"It’s unfortunate that Lindsey has chosen to tell a revisionist history of what transpired in 2018 with Fleetwood Mac. His version of events is factually inaccurate, and while I’ve never spoken publicly on the matter, preferring to not air dirty laundry, certainly it feels the time has come to shine a light on the truth," Nicks told Rolling Stone.
The 73-year-old said that she decided she is no longer willing to work with him following an "exceedingly difficult time" with her former bandmate at the MusiCares event in 2018.
"I could publicly reflect on the many reasons why, and perhaps I will do that someday in a memoir, but suffice it to say we could start in 1968 and work up to 2018 with a litany of very precise reasons why I will not work with him," the "Edge Of Seventeen" singer said. "To be exceedingly clear, I did not have him fired, I did not ask for him to be fired, I did not demand he be fired. Frankly, I fired myself."
"I proactively removed myself from the band and a situation I considered to be toxic to my well-being. I was done. If the band went on without me, so be it. I have championed independence my whole life, and I believe every human being should have the absolute freedom to set their boundaries of what they can and cannot work with," she added. "And after many lengthy group discussions, Fleetwood Mac, a band whose legacy is rooted in evolution and change, found a new path forward with two hugely talented new members."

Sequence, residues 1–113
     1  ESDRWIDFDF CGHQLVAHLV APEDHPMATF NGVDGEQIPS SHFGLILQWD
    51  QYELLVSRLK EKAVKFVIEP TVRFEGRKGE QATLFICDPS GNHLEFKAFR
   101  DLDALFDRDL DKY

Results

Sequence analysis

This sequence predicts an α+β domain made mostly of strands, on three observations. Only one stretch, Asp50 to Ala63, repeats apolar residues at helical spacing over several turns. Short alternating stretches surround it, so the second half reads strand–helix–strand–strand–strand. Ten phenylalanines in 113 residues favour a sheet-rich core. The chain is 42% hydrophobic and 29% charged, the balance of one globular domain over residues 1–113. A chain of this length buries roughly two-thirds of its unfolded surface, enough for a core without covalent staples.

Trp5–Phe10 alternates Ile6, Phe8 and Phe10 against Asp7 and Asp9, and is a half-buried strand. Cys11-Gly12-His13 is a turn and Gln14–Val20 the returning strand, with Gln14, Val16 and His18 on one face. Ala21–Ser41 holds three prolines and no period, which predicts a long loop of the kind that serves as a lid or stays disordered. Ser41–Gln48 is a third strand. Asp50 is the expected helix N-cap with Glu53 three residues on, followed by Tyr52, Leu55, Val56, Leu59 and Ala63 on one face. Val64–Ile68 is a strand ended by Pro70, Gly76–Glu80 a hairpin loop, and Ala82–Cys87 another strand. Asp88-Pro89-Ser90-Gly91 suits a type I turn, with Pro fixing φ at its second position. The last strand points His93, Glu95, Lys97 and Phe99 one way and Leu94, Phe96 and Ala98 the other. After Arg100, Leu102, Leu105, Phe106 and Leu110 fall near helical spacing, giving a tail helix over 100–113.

According to the "I Don't Mind" crooner, the drama began when Buckingham asked his bandmates if they would delay their tour so he could promote his self-titled album. Mick Fleetwood, Christine McVie and John McVie were reportedly flexible, but Nicks would not agree, even after the guitarist suggested booking gigs on the band's nights off.
Everything came to a head when the band accepted their MusiCares Person of the Year award in 2018. He was reportedly unhappy when "Rhiannon" — which Nicks wrote — played to announce the band's arrival. He also is said to have smirked during Nicks’ acceptance speech.
Within a week of the MusiCares event, the 71-year-old exited the band. Mike Campbell and Crowded House’s Neil Finn replaced him on the tour. Buckingham felt the setlist "seemed somewhat generic and perhaps bordering on being a cover band … what this did was dishonor the legacy that we built."
Buckingham sued the band for lost wages which was settled out of court. "We’ve all signed off on something. I’m happy enough with it," he said at the time. He told Rolling Stone that his smirking wasn't what caused the rift.
"I think others in the band just felt that they were not empowered enough, individually, for whatever their own reasons, to stand up for what was right," Buckingham said. "And so, it became a little bit like Trump and the Republicans."